MFA Financial Inc. (NYSE:MFA) is a mortgage REIT. It invests in Agency and non-Agency MBS. It is internally managed. It pays a great 9.5% dividend, and that is without considering special dividends. In 2013 MFA paid $0.78 in special dividends and $0.86 in regular dividends for a total of $1.64. Simultaneously, it lost -$0.93 in book value over the year. The special dividends were payouts of MFA's taxable monies (not really dividends at all). Thus MFA really only lost -$0.15 per common share (-1.67%) in book value; and it paid out $0.86 in regular dividends for a still great return. This left the total economic return at $0.71 per share (or +7.9% for FY2013). That was in one of the worst years for mortgage REITs in recent history. MFA has a long track record of delivering attractive shareholder returns (see chart below).
It is hard to argue with success.
Q1 2014 was another quarter of great performance. MFA gained +$0.14 per common share in book value ($8.06 to $8.20 as of March 31, 2014). This was due to an increase in the value of its Agency MBS by $0.05 and an increase in value of its non-Agency MBS of +$0.13 per common share. It lost -$0.04 on its hedging and derivatives instruments. On top of that MFA earned $0.20 per common share in net income during Q1 2014; and it paid this out as a dividend. Together, the book value increase and the dividend amounted to a 4.22% total economic return for Q1 2014 (or 16.9% annualized).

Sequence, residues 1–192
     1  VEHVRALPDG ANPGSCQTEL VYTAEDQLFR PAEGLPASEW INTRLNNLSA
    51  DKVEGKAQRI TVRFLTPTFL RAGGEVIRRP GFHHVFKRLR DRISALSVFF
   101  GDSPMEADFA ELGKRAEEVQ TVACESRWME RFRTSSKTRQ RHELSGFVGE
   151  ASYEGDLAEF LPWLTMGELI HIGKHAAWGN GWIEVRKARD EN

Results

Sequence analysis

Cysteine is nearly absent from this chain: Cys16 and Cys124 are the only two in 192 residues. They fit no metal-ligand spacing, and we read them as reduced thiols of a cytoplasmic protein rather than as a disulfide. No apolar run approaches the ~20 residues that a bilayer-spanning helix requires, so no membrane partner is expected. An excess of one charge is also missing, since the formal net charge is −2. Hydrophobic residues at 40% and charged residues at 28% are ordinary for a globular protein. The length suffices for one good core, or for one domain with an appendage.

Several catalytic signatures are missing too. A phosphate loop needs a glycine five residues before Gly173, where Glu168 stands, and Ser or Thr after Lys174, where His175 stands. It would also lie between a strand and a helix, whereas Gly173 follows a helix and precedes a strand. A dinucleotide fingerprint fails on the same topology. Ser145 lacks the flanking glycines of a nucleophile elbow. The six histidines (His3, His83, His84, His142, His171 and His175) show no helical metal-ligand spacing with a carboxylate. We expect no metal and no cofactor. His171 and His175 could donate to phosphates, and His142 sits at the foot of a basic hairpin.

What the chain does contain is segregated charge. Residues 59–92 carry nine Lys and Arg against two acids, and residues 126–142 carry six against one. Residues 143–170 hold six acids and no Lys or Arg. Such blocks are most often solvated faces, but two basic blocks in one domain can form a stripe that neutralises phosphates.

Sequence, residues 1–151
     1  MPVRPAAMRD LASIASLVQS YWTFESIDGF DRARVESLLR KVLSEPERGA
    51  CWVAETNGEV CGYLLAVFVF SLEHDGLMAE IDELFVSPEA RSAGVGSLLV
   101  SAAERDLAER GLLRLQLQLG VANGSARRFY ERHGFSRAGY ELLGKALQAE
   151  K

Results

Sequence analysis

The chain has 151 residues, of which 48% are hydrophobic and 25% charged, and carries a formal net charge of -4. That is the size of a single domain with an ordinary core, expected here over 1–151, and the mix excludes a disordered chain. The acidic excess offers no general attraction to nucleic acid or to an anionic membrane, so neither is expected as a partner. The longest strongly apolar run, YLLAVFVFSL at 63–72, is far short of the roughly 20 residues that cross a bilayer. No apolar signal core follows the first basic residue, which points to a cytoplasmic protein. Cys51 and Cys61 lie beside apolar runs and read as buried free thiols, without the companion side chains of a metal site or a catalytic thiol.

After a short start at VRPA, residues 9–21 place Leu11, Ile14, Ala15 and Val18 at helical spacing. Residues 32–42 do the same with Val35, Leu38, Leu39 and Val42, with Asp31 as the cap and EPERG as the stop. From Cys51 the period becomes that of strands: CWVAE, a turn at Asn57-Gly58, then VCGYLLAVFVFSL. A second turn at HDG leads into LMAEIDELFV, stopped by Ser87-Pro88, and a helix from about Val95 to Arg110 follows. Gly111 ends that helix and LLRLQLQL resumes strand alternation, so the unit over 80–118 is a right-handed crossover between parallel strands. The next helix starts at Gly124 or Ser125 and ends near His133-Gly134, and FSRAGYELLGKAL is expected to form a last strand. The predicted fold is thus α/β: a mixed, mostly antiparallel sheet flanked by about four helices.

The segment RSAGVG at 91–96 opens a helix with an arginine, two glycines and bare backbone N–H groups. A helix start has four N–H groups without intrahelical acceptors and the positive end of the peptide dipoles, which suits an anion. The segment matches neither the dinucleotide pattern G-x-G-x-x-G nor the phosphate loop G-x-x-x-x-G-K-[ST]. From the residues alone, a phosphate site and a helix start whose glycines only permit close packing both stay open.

If you invested in the stock in 2014, you did even better. The stock has gone up 19.49% year to date. Plus MFA has paid a $0.20 Q1 dividend; and has said it will pay another $0.20 per common share for Q2 2014. If the quarter ended at the June 16, 2014 closing stock price of $8.46 per share, investors would have realized a total stock price and dividend return rate of 25.14% in just six months. Don't you wish you could find that every day, especially in a relatively low risk stock.
Of course on January 1, 2014, the book value was $8.06 per share and the stock price was $7.08 per share. On July 1, 2014, the book value will likely be about $8.35 per share; and the stock price, if it stays at its current level, will be $8.46 per share. MFA will likely be trading at a premium to book value, although not a large one. Still the 9.5% dividend is still attractive by itself; and there is still the possibility of an increase in book value in Q3 2014. A total economic return of 15% to 20% for FY2014 is still a very attractive prospect. Long term the stock price will roughly parallel the book value.
For Q1 2014 the net interest rate spread was 2.44%. The leverage was 2.9x overall. Home price appreciation and mortgage amortization keep decreasing the loan to value ratio for many of the mortgages in MFA's non-Agency portfolio. This has led to lower estimates of future losses. As a consequence, $35.9 million was transferred from credit reserve to accretable discount. $243.8 million has been transferred in just the last five quarters. The accretable discount monies are expected to increase the interest income realized over the remaining life of MFA's non-Agency MBS.
The following table describes MFA's investments and their performance in Q1 2014.
The most important statistic is the "Total". The leverage for this is 3.01x and the net interest rate spread is 2.46%. This leads to an overall yield of 7.4%. This is below the current dividend, and that is worrisome. However, MFA has been earning monies in other areas too. Therefore it was still able to garner $72.4 million in net income (or $0.20 per common share) in Q1 2014. This supported the dividend nicely.